Back-Door Roth

Saving for retirement can be a concern for anyone, especially as the traditional means, such as pension programs have been starting to disappear from many companies. One of the most common alternatives to the old system is contributions to an Individual Retirement Account, or IRA for short. There are multiple different types of retirement accounts, with the main difference being whether contributions or distributions are taxed. The Roth IRA is often seen as the preferred savings method, as it allows for tax-free distributions once you retire, but it can also be limited by current tax law. This is where it becomes important to understand the back-door method for contributing to a Roth IRA.

Investing in the right plan now can yield greater benefits in the future.

The two main barriers in contributing to a Roth IRA are the maximum contribution and maximum income figures. In 2018, a maximum of $5,500 could be contributed by someone younger than 50 years old, and $6,500 for someone older. Additionally, Roth IRA contributions were not allowed for single-filers making greater than $135,000 annually or joint-filers exceeding $199,000. In order to maneuver past these restrictions, you can make contributions to a nondeductible IRA, which are not limited, and then convert these funds to a Roth IRA. By converting from a nondeductible IRA, where only earnings from interest are taxed during distribution, rather than a traditional IRA, where the entire distribution is taxed, you are able to reduce the tax burden felt during the conversion of the account.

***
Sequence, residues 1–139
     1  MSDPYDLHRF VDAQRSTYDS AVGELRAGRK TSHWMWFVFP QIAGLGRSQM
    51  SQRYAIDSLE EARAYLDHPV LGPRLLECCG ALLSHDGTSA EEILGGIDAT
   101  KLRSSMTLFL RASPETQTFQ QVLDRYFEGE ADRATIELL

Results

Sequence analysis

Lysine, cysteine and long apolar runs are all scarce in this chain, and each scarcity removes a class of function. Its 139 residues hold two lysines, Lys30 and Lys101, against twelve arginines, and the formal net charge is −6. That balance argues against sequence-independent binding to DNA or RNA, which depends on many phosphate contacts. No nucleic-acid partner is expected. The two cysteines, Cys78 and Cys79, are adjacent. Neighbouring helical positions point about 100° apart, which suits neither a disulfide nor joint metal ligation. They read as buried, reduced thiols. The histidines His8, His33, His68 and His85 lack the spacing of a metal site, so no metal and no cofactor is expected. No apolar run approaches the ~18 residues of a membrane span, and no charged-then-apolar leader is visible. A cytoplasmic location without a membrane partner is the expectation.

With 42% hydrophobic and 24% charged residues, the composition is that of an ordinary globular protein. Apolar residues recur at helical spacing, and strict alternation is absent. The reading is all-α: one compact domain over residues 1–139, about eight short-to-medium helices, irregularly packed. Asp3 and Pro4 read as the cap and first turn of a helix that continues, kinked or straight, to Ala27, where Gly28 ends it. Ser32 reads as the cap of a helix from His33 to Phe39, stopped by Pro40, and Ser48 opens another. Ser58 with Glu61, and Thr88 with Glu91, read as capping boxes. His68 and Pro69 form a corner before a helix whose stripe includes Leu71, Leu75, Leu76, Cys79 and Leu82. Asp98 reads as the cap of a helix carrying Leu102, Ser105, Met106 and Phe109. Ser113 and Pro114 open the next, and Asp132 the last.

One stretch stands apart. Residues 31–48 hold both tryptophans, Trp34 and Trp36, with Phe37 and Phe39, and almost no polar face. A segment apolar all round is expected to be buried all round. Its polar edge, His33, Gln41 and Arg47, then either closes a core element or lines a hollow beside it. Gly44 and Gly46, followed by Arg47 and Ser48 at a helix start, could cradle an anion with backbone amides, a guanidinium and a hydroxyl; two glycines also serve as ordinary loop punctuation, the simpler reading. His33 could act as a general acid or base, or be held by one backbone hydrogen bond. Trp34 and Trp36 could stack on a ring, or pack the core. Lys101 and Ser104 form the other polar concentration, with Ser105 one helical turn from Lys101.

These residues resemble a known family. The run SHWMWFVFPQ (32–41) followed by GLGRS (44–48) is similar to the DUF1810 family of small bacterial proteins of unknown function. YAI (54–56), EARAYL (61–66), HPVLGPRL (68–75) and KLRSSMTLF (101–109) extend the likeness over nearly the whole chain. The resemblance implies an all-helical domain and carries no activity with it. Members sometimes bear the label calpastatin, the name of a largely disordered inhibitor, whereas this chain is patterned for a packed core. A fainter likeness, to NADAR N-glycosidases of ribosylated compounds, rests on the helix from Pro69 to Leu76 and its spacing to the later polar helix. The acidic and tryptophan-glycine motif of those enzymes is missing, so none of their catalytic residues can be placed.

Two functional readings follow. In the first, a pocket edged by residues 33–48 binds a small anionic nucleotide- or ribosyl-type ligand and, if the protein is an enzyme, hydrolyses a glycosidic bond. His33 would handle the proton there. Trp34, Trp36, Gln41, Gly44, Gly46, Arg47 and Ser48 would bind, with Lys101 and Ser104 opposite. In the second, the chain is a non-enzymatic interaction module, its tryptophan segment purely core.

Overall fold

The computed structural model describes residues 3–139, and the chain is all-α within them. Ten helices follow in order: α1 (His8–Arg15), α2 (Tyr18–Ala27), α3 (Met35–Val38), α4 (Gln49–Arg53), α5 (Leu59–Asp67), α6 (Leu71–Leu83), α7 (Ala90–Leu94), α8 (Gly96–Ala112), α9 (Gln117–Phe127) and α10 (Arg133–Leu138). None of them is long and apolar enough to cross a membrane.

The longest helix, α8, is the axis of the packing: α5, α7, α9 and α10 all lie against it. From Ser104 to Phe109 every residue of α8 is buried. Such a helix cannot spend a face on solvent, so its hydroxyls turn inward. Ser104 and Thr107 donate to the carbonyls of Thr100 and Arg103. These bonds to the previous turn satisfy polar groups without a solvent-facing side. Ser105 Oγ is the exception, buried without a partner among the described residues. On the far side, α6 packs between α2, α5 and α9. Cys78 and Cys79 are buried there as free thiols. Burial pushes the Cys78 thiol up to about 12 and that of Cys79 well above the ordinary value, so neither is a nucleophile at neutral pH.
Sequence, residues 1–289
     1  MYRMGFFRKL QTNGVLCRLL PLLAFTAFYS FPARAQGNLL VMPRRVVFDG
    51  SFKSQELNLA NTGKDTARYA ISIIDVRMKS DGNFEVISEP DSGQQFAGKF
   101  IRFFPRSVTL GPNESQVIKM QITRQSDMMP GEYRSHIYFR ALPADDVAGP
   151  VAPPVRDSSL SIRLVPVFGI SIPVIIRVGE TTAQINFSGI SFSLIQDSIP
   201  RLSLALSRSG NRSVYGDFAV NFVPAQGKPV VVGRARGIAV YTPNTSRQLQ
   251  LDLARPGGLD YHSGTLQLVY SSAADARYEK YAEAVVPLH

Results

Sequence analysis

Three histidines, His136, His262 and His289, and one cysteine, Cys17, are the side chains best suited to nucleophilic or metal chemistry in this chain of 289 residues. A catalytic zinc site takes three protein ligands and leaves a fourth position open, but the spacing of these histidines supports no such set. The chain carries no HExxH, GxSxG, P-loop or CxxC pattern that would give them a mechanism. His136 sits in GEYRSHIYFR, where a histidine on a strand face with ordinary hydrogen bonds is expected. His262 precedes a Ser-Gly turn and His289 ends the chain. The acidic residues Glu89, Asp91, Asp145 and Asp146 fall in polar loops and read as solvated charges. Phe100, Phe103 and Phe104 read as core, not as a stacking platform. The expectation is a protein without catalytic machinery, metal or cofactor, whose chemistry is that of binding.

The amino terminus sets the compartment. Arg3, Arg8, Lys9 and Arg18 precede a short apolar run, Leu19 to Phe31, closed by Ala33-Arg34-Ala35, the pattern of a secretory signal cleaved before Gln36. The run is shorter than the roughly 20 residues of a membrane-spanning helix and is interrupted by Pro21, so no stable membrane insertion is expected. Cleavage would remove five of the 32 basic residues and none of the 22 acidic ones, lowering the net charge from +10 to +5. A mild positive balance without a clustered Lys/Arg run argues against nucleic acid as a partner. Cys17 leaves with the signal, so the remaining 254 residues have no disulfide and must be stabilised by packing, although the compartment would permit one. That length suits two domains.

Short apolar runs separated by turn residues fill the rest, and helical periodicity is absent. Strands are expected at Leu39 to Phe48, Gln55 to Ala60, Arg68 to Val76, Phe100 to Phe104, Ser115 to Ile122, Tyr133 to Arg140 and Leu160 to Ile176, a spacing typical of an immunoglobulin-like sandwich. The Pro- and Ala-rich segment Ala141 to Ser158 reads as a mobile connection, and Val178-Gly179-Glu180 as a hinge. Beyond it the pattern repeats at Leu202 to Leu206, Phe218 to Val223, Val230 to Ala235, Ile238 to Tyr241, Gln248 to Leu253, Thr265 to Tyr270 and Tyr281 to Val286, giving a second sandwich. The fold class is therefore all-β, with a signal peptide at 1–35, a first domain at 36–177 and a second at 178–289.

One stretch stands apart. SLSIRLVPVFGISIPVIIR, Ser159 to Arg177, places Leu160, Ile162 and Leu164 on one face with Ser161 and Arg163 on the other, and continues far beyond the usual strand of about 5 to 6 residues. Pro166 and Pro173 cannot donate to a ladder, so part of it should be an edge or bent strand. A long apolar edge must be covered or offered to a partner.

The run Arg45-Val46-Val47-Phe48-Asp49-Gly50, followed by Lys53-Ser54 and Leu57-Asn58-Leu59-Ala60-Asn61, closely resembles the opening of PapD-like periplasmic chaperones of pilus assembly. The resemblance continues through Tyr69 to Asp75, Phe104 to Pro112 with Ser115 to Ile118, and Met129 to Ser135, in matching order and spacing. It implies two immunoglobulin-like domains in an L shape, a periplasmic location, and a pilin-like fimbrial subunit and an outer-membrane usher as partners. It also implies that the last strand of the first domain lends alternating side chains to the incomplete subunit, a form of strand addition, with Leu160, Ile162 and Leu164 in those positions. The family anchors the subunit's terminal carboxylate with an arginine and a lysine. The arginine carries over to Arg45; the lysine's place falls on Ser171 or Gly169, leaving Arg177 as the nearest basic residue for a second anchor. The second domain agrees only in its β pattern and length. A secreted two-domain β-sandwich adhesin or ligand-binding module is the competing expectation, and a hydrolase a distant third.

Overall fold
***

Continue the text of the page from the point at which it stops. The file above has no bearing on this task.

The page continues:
It is important to note that the back-door method for Roth IRA contributions are useful to many but may not always be the best option. The most common issue you may face is if the majority of your IRA contributions have been to traditional IRAs, and therefore not yet taxed. If this is the case, any conversions will be taxed based on the proportion of all your IRA funds that have not been taxed, which can lead to a higher than expected conversion tax. This is a common occurrence for people who have recently rolled over a 401(k) or similar plan. In order to make the best decision for yourself, you should make sure to understand the tax status of all your retirement savings accounts.